Long Island Time
For decades, Long Island's bootstrap wineries have struggled to compete with Napa-Sonoma and Bordeaux for respect and market share. It is at times a struggle for a sometimes-frigid region populated by less-experienced winemakers who are working with young vines, but before you pour one out for these intrepid vintners consider this:
There are now 60 Long Island wineries, and many are at the forefront of the Middle World movement, which balances Old World varietals with New World learnings. And in 2015, Sagaponack's Wölffer Estate became the first Long Island winery to get a 94-point rating from wine critic Robert Parker. As a matter of fact, it got two.
"We've seen a huge improvement in the last decade," Thomas Pastuszak, wine director at The NoMad, says. "Not only are there more wineries, but the classics are getting better as the vines age and viticultural practices improve. And their winemaking is also becoming more experimental, so it's a unique combination of Old World inspiration while learning how to tweak—and sometimes break—the rules in an effort to make more exciting wines."
To guide us through this old-meets-new wine landscape, we turn to a few of New York's most innovative wine thinkers.
? Eric Hastings — Beverage Director, Jean-Georges
"I've dabbled in Long Island wines for about three years and have become quite a fan," Hastings says. "Their wines are part of what I'm calling the 'Middle World,' mixing nuances of both the Old and New Worlds. The Middle World maintains a balance of terroir and fruit, creating classy wines that are terrific alone and with food. I really enjoy Shinn Estate's Grace and Clarity blends."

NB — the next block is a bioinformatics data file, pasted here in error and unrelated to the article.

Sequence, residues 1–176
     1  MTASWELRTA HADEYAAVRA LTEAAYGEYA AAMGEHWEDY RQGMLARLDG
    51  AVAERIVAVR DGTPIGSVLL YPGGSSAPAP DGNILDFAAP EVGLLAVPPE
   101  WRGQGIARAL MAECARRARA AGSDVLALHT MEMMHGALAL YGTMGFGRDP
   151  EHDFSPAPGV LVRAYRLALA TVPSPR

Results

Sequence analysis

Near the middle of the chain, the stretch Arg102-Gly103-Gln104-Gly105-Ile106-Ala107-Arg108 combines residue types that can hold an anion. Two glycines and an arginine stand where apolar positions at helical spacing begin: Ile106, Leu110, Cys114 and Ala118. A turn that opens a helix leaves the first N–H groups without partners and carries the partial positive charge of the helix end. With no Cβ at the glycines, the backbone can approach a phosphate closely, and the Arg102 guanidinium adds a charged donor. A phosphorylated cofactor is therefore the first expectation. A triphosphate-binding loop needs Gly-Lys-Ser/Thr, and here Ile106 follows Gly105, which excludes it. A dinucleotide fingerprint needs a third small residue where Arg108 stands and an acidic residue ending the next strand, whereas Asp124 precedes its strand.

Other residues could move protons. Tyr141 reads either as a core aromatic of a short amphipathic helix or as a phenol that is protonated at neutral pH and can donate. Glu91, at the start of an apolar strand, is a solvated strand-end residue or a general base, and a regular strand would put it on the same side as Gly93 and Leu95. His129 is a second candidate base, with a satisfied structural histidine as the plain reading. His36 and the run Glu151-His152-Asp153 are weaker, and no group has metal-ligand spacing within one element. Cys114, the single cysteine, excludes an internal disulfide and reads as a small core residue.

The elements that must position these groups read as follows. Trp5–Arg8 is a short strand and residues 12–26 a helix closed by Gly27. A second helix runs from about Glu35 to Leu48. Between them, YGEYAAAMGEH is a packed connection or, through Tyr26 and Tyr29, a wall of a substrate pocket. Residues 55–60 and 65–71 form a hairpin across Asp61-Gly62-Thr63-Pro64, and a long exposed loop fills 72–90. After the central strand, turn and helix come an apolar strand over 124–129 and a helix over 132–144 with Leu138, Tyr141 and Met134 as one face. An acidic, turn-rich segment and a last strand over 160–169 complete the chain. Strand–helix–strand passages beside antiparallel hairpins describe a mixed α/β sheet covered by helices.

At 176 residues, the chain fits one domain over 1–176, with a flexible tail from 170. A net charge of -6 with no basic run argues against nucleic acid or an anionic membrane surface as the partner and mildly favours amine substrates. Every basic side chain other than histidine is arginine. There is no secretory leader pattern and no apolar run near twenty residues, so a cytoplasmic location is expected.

? Cedric Nicaise — Wine Director, Eleven Madison Park
"Long Island wine culture is exciting, because it's still a bit of the unknown," Nicaise explains. "But Sparkling Pointe and Macari Vineyards have opened my eyes to the possibilities of Long Island. Sparkling Pointe uses the traditional Champagne method, and their Brut Seduction is really special. I also love Macari's rosé—making rosé in a cooler climate like Long Island can be incredibly interesting."
? Thomas Pastuszak — Wine Director, The NoMad
"You cannot deny that New York state is a very good, cool-climate region, and I think Long Island should own that fact and look toward cooler climates in Europe—not warm ones like California," Pastuszak says. "Lenz in particular is an estate I've followed for many years. I love the precision and structure of their wines, especially their long lees-aged, sparkling cuvées and their Burgundian Chardonnays. Their Merlots are also excellent ringers for Right Bank Bordeaux."
? Jessica Norris — Wine Director, Del Frisco's
"A wine region is not named Wine Enthusiast's 2014 Wine Region of the Year for naught," Norris says. "And I could no sooner pick a favorite parent than pick a favorite Long Island winery. But I would have to say Wölffer Estate is on the cutting edge of innovation out there. I love their dry rosé and their sparkling rosé—both amazing counterparts to any summer meal. And their dry rosé cider. I'm starting to sense a theme here."
? David Loewenberg — Restaurateur and Owner of East Hampton's Fresno and Sag Harbor's Beacon and The Bell & Anchor
"One of my favorite wineries is right down the road from my home: Channing Daughters. Their unique style is terroir driven but experimental, and the result is food-friendly wines that are consistently fun to drink," Loewenberg says. "Try their 2011 Mosaico (a six-grape blend that spent one year on its lees) and Rosato di Merlot (a Merlot-based rosé)."
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